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From Securities Regulation Daily, April 29, 2019

CFTC’s proposed rules would amend, clarify, and codify certain DCO regulations

By Brad Rosen, J.D.

The rulemaking proposed by the agency would further implement the statutory core principles for derivative clearing organizations called for under the Dodd-Frank Act.

The CFTC has approved a proposed rule to amend certain regulations that apply to derivatives clearing organizations (DCOs) consistent with the agency’s Project KISS initiative. The CFTC’s notice of proposed rulemaking (NPRM) seeks to further clarify and codify the requirements that apply to DCOs under Part 39 of the CFTC’s regulations. Part 39 implements the statutory core principles for DCOs. Project KISS, which was introduced in May 2017, aims to adopt appropriate changes and simplify agency rules, regulations, and practices to make them less burdensome, less costly, and more transparent to all market participants.

In 2011 and 2013, the CFTC adopted Part 39 of the CFTC Regulations as part of its implementation of the Dodd-Frank Act’s core principles for DCOs. Since those rules were adopted Commission staff has worked with DCOs regarding questions concerning the interpretation and implementation of these regulations, and has issued related relief or guidance.

Proposed rule reflects the Commission’s experience and addresses recent events. Based on its experience in implementing these regulations and subsequent developments, the CFTC staff has drafted and provided further explanation with regard to the proposed rule. The proposed rule is also intended to streamline processes for registration and reporting. Additionally, the proposed rule includes some new requirements with respect to default procedures and reporting in response to more recent events, such as the launch of bitcoin futures contracts and the Nasdaq Clearing default. Given the perceived benefits set forth in the notice of proposed rulemaking, Chairman Giancarlo and Commissioner Berkovitz both issued statements supporting proposal.

Codification and clarification. The NPRM includes a number of amendments that clarify, further define, or provide more explicit direction to market participants as follows.

  • Regulations 39.24, 39.25, and 39.26 establish governance requirements for DCOs to better ensure that DCOs are well managed. These amendments provide greater certainty and uniform rules, and are important not only for fairness and consistency, but also to improve risk management across the clearing space.
  • Regulation 39.16 would improve requirements around member default management and explicitly require DCOs to have a default committee that must include clearing members. The recent member default at NASDAQ Clearing reinforces the importance of default management mechanisms and information sharing when a default occurs.
  • A clear requirement for initial margin to cover concentration risk; a requirement for DCO personnel to certify certain reports; and several new reporting requirements around settlement bank arrangements, depositories, and liquidity funding arrangements.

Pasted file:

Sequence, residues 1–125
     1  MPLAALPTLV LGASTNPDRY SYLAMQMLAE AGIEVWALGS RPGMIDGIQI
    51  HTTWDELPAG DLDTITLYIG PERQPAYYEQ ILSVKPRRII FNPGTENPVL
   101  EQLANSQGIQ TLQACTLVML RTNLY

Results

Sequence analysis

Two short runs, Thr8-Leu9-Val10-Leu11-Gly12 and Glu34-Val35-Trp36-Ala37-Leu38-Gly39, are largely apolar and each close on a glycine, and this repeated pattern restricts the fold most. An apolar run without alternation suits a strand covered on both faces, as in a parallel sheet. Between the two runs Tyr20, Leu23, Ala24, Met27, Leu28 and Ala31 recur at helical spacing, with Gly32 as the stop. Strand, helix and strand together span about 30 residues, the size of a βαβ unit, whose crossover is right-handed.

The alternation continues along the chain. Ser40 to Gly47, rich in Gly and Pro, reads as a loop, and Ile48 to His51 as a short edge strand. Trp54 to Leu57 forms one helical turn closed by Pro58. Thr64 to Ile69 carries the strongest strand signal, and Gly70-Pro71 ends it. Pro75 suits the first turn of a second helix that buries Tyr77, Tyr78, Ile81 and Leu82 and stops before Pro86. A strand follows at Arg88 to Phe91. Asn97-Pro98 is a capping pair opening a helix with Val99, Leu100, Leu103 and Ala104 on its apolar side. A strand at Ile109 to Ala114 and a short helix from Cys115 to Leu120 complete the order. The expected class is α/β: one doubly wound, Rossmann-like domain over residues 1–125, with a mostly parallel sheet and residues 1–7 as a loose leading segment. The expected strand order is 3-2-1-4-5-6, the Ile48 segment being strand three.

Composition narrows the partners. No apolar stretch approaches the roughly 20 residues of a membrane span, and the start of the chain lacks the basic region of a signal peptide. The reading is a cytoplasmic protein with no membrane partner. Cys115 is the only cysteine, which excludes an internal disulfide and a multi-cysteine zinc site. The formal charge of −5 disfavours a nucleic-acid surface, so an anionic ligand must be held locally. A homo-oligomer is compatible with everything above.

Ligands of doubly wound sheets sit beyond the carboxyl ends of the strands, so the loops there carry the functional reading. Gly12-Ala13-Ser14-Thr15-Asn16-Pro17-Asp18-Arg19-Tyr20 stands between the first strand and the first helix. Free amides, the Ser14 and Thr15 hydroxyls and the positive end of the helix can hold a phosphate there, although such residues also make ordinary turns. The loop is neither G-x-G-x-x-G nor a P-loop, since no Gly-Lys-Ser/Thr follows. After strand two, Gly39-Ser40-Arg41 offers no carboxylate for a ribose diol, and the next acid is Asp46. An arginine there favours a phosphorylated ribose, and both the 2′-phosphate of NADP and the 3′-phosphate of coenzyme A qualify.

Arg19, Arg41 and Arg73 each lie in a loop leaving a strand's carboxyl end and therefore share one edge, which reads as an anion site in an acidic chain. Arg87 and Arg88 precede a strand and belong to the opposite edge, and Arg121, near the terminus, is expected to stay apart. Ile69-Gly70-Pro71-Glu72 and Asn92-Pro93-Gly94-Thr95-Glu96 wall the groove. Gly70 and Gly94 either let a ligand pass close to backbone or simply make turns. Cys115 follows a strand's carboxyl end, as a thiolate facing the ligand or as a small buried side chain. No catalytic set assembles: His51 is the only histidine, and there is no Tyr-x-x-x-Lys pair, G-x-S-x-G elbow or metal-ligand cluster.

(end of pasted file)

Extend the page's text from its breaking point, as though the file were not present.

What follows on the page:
Other issues warranting further comment and consideration. The NPRM includes proposed amendments that, as Commissioner Berkovitz has noted, might be beneficial but may also present additional issues for the CFTC to consider in developing its final rule. These include the following.

  • Changes to regulation 39.13(g)(8) regarding calculation of initial margin and excess margin, that attempt to incorporate in the regulation, and to clarify, staff guidance. Getting initial margin calculations right has been critical to providing sufficient resources to cover variation margin shortfalls that may occur when resolving a member’s default.
  • Regulation 39.13(i) provides explicit procedures and requirements for filing DCO rules to implement a cross-margining program with other clearing organizations. While establishing explicit procedures in regulations for evaluating such arrangements would facilitate consistent, objective reviews by the CFTC, multi-entity cross-margining might cross borders and involve multiple regulatory regimes of different regulators. This could create additional layers of legal, operational, and financial risk that would be difficult to evaluate.
  • Regulation 40.5 would establish a mechanism for the CFTC’s review of certain DCO rule sets including: (1) a request to transfer a DCO’s open interest, (2) cross-margining programs among different clearing organizations – including across borders and for entities subject to different regulators, and (3) commingling of futures, options, and swaps positions in a section 4d(a) futures account. These rule reviews could involve consideration of novel issues with regard to customer protections, potential risks to FCMs, and market integrity.

The CFTC is seeking comments on the proposal. The comment period will end 60 days after the proposal’s publication in the Federal Register. All comments will be posted on CFTC’s website.

MainStory: TopStory CFTCNews Derivatives DoddFrankAct FinancialIntermediaries Swaps

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